Wayne Fish, working with a team of researchers at the USDA-Agricultural Research Service’s South Central Agricultural Research Laboratory in Lane, Oklahoma, suggests that rejected watermelons can be the potential source of biofuel. So, it won’t worry anyone since no damage to the food crop is involved.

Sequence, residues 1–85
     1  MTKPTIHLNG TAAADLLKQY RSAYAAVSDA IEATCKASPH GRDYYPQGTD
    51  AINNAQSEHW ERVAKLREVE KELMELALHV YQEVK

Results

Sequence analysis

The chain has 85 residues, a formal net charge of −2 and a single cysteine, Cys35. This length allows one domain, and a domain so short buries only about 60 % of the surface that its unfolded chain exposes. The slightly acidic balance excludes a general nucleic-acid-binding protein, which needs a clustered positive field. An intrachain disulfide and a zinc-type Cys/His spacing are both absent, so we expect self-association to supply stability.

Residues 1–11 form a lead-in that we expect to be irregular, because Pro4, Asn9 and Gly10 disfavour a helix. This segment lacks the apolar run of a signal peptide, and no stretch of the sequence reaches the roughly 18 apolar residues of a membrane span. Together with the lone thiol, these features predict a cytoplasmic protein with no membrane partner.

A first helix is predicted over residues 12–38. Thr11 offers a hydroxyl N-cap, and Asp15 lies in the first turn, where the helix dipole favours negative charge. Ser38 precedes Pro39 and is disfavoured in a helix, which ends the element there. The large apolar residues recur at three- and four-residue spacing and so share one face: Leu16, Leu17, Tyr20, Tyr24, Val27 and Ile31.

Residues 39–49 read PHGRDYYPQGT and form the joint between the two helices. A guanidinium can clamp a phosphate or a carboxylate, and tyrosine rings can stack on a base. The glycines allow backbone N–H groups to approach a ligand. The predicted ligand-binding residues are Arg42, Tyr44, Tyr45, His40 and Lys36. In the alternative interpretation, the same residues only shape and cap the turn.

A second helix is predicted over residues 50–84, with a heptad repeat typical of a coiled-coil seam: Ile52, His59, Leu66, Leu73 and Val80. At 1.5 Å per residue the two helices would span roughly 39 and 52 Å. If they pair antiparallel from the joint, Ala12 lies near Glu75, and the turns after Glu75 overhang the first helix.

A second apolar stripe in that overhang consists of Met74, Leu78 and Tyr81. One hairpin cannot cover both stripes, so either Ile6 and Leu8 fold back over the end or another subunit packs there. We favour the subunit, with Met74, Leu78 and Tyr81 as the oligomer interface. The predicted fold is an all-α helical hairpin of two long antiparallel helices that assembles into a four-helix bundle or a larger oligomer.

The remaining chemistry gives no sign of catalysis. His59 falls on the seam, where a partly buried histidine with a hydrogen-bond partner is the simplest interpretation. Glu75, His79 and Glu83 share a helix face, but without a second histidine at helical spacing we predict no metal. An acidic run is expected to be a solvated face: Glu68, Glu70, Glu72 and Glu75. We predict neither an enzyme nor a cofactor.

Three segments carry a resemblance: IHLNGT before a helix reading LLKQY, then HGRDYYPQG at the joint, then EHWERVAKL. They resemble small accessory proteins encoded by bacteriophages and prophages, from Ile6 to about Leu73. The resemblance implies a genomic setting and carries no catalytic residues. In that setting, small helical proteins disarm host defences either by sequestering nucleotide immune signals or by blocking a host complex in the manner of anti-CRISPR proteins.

Cashing in on the fruit-leftovers, the researchers are hopeful to exploit the neutraceutical value of lycopene and L-citrulline found abundantly in watermelon. Watermelon juice contains about 10% directly fermentable sugars and about 15 to 35 umol/ml of free amino acids. Either the whole juice concentrated thrice or the neutraceutical waste could be mixed with other concentrated feedstock to suffice it for bioethanol production. Hence, it serves as diluent and nitrogen supplement.